SYDNEY — Pharmaceutical and biotech company Amrad Corp. Ltd. will pay about A$50 million in cash and Amrad shares to buy ICT Diagnostics Ltd., an Australian company that specializes in manufacturing rapid diagnostic kits for a range of diseases.
In addition, the Melbourne-based company has reported a better than expected after-tax profit of A$2.8 million for the half year ending Dec. 31, 1997, after booking a A$5.4 million profit from the disposal of a part of its pharmaceutical operations.
The profit also was achieved despite Amrad increasing its spending on biotech R&D by A$4 million to A$11.8 million, including money to spend on several ongoing trials.
One of the current trials is a Phase I study of AM424, a treatment for motor neuron disease and peripheral neuropathies (pains in extremities as a side effect of chemotherapy), now under way with 48 cancer patients undergoing chemotherapy at Western Hospital, in Melbourne.
As previously reported, Amrad recently completed a Phase I trial with 28 healthy volunteers in Britain. None of the participants reported side effects from the drug. (See BioWorld International, Jan 28, 1998, p. 2.)
Amrad Managing Director John Grace said the second trial is concerned with assessing toxicity and tolerable dose levels of the drug, with each patient receiving increasing doses. Initially each patient will be on the drug for one week, off for one week and then back on the drug for another two weeks.
Besides the AM424 trial, Amrad is conducting a Phase IIa trial on AM94, a potential vaccine for the prevention of rotavirus in children, with 52 out of a planned 60 children having been treated. The company also has an active research project on developing a new formulation of the short-acting, injectable anesthetic Propofol.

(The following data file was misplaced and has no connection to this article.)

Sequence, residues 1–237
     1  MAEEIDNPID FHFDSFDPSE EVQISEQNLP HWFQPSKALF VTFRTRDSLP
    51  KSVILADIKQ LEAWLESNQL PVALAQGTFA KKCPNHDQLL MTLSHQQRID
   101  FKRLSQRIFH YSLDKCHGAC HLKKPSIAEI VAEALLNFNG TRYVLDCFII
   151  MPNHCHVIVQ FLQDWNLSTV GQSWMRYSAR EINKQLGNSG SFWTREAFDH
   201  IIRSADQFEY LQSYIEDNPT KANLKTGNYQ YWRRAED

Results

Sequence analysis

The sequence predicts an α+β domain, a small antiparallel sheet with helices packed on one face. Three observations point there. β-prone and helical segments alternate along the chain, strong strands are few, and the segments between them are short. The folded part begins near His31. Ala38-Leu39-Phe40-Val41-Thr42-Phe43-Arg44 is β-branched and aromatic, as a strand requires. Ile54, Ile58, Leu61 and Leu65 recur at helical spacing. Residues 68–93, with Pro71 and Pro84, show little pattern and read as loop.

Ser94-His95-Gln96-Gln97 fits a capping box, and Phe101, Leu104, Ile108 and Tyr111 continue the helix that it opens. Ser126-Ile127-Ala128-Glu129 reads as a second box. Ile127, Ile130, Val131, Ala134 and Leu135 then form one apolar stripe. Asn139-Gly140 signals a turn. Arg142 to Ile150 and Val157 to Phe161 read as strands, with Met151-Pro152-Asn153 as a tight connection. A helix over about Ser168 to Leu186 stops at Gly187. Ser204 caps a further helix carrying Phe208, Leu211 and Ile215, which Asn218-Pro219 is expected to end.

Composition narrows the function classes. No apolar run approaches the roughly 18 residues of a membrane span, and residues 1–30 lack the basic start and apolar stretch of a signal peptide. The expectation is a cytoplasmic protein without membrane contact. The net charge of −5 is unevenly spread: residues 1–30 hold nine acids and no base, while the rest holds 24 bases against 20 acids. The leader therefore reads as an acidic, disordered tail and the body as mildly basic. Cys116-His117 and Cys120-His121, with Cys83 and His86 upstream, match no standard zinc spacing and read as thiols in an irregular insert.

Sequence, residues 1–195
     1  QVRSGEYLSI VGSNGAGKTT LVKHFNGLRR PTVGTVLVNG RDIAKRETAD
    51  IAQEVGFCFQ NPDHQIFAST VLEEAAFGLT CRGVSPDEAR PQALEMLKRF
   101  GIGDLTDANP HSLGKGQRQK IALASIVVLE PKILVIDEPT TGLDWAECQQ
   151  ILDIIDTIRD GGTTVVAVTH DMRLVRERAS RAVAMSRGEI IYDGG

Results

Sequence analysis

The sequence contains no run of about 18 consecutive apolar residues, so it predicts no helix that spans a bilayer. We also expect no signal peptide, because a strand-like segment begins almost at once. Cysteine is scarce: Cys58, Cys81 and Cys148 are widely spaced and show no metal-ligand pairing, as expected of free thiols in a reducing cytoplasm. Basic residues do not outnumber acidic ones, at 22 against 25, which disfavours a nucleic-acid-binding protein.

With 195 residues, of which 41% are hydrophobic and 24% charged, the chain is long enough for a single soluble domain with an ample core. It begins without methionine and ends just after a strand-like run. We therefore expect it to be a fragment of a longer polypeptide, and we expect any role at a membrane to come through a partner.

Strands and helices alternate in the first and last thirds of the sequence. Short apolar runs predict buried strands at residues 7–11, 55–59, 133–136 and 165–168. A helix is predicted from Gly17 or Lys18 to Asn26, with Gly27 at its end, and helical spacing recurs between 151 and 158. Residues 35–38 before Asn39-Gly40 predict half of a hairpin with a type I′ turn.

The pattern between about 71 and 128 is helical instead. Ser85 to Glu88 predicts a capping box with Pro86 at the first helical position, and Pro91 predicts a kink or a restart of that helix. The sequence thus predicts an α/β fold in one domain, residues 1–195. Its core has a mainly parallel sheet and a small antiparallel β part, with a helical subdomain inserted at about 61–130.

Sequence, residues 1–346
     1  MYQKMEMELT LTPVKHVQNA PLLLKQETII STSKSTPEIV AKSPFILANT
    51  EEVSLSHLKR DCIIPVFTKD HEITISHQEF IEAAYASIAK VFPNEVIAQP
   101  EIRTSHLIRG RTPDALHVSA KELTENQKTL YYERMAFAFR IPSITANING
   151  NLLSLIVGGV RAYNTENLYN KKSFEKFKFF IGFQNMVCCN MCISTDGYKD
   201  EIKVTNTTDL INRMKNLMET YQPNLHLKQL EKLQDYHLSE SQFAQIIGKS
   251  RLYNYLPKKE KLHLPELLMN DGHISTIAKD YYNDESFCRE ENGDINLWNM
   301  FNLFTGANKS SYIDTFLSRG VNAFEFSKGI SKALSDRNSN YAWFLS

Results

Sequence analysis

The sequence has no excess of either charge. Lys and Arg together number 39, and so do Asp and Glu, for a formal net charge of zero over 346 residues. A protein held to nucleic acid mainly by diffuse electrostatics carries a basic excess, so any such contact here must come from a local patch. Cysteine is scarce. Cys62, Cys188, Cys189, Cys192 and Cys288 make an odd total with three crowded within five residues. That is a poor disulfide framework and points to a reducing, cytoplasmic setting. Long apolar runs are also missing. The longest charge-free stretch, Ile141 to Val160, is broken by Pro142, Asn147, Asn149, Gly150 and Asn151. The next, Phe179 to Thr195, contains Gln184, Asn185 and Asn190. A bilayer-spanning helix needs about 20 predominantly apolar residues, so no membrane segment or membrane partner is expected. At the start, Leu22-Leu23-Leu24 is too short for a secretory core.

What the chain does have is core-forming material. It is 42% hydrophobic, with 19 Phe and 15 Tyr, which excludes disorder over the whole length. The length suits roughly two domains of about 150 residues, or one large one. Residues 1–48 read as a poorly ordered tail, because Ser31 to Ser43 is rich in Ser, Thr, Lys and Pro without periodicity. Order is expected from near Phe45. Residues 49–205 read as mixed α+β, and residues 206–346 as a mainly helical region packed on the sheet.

In addition to spending more on research and boosting revenue from existing operations by 34 percent to A$88.8 million for the last six months of 1997, Amrad has bolstered its operations by acquiring diagnostic kit manufacturer ICT Diagnostics.
Grace said ICT licensed technology to manufacture the kits in the form of small cards. The cards fold in half, with one side of the card containing the sample to be tested and the other side containing the reagent or biomaterial involved in the diagnosis. The opposing halves are squeezed together by the operator.
The tests are manufactured by methods similar to printing techniques and can be used in the field, in undeveloped countries, or by the bedside of patients in advanced countries. Tests for hepatitis B, malaria, tuberculosis and filariasis have been developed.
Grace said the ICT test uses diagnostic material produced by Amrad, and ICT requires skills in intellectual property and management possessed by Amrad to expand further, so there are considerable synergies in the acquisition. There also will be some sharing of research and development resources.
Among Amrad's other activities on behalf of ICT will be a search for a partner to market the diagnostic tests in advanced countries, Grace said.
Of the A$50 million to be paid for ICT, A$7 million will be in Amrad shares (now around A$2.44 each), with an unspecified amount paid in cash up front and the rest deferred and linked to performance goals of the newly acquired division.
Grace said the operation will represent a "small drag" on Amrad's profitability this year and will start to contribute to profitability the next.
Part of the sale price will be paid from the A$5.4 million profit resulting from the early termination of distribution arrangements for Pharmacia Biotech AB in Australia and New Zealand — a payment that also helped turn what would have been an operating loss of A$2.6 million for the half year into a profit.
Grace said fiscal results were still better than expected, especially since the company increased its spending on R&D by A$4 million during the half year, so the underlying operations were running at a profit.